Leah Remini has just released a memoir, Troublemaker: Surviving Hollywood and Scientology, which has placed the cult and many of its famous followers back in the spotlight. Remini was interviewed by ABC for 20/20 and revealed many of the secrets that Scientologists are commanded never to make public.
Remini grew up in the cult, and the 20/20 interview gave her a chance to speak about the many different disciplines that were imposed on her and others. She left Scientology about two years ago saying that she didn’t want her daughter indoctrinated into the faith. The church has responded to her allegations saying, “Ms. Remini needs to move on with life and stop obsessively blaming others for her problems, be it her former religion or those she has worked with professionally.”
Why does Scientology attract some of Hollywood’s leading actors and actresses? According to Jenna Hill, the niece of Scientology leader David Miscavige, and others who have left the practice of Scientology, the church actually targets certain stars they think will be vulnerable to their teaching. The doctrine of the church is designed to attract and influence actors and actresses to believe that membership will help both their lives and their careers. The church points to people like Tom Cruise, John Travolta and others as proof that their doctrine is correct. The backgrounds of these stars lend to the idea that certain personalities might be targeted by the cult.
Tom Cruise’s parents divorced when he was eleven years old. At the age of fourteen he joined the Franciscan seminary thinking he would become a priest. Cruise suffered from dyslexia and school was very difficult for him. Cruise married actress Mimi Rogers in 1987. She led the actor to become a student of Scientology. Cruise credited the church with curing his dyslexia, and he soon became one of its leading members. Leah Remini spoke about the special treatment that Cruise was given by the church.
John Travolta credits Scientology for his career. Travolta was a young man, pursuing an acting career, when he was invited to a Scientology meeting. He was the youngest of six children and dropped out of high school during his junior year. He shared with the Scientology group that he was scheduled to audition for an upcoming television show. According to Laurence Wright in his book, Going Clear, the group was told to stand, point to the studio and say, ‘”We want John Travolta for the part.” At the next meeting, Travolta revealed he had been cast in the role of Vinnie Barbarino— the part that would soon make him famous. “My career immediately took off,” Travolta boasted in a church publication. “Scientology put me in the big time.”‘
Many other actors like Will and Jada Smith, Kirstie Alley, Priscilla Presley, Patrick Swayze, and the Russian dancer Mikhail Baryshnikov spent time and vast amounts of money supporting the church of Scientology. Leah Remini’s book is a concern to many in Hollywood who would like for their relationship to the church and the knowledge of its doctrines to remain secretive. Other articles point to the continued relationship the cult has with these stars because they fear the leaders will reveal personal information about them to the media. People should always question an organization or person that finds it necessary to function in the darkness, protected by secrecy.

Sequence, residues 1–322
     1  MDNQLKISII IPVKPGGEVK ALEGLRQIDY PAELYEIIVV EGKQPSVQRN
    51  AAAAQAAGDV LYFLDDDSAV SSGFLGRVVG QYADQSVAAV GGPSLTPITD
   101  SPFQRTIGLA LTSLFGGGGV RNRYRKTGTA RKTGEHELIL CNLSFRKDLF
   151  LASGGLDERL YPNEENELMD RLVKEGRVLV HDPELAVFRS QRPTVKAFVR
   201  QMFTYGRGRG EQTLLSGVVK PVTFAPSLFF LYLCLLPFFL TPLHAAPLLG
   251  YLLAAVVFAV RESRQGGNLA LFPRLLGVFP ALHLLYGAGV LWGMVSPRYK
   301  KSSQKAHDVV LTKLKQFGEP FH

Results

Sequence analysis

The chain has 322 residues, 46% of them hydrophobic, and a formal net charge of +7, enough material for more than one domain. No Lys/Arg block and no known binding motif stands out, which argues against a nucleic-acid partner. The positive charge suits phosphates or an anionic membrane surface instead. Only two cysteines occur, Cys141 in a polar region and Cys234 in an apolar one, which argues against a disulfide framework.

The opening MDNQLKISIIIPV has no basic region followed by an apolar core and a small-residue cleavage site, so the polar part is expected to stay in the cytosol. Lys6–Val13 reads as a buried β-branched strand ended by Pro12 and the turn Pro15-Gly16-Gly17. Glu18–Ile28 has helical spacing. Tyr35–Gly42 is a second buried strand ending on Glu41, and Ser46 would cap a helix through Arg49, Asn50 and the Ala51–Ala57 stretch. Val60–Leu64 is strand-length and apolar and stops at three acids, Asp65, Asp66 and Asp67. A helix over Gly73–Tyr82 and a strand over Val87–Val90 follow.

The apostle Paul was on trial before King Agrippa in Rome, when he boldly explained his calling to Christian ministry. Jesus had spoken to him on the road to Damascus and Paul described what the heavenly voice had said: “I am sending you to open their eyes, so that they may turn from darkness to light and from the power of Satan to God, that they may receive forgiveness of sins and a place among those who are sanctified by faith in me” (Acts 26:17-18).
Many people have never had a chance to know the one true God. Cults like Scientology are appealing because they offer answers and hope in convincing ways. Movie stars with lots of fame and money lend credibility and influence. Their testimonies spread a message of darkness, moving people to sacrifice money and even their families to receive the false hope Scientology sells. John began his gospel describing Jesus. He said, “In him was life, and the life was the light of men. The light shines in the darkness, and the darkness has not overcome it” (John 1:4-5). Our message is powerful and provides people a way out of the darkness. When did you last share the gospel with someone in need of salvation?
Chances are you will hear people discussing Scientology this week because it is in the news. When you find yourself in one of those conversations, pray and ask the Holy Spirit to guide your thoughts, your words, and your heart. Then, speak the truth of the gospel message with grace and kindness. It is easy to assume that all Americans have had the chance to know Jesus, but most have just heard his name and a few Bible stories. They need someone to explain and help them understand.
A lot of people are in the dark and looking for someone to care enough about them to provide some hope and some answers to their questions. Christians have overcome the darkness and our calling is like Paul’s. We have been sent to be a light in this world. Don’t hesitate to speak, remembering, “He who is in you is greater than he who is in the world” (1 John 4:4).
I wonder who Tom Cruise, John Travolta, and the others would have been if they had found Jesus instead of Scientology. Maybe we will know that answer someday. In the meantime, who do you know that is living in darkness? Remember, Jesus is the light of the world—and you are filled with that light. Pray for the opportunity to share the gospel this week.
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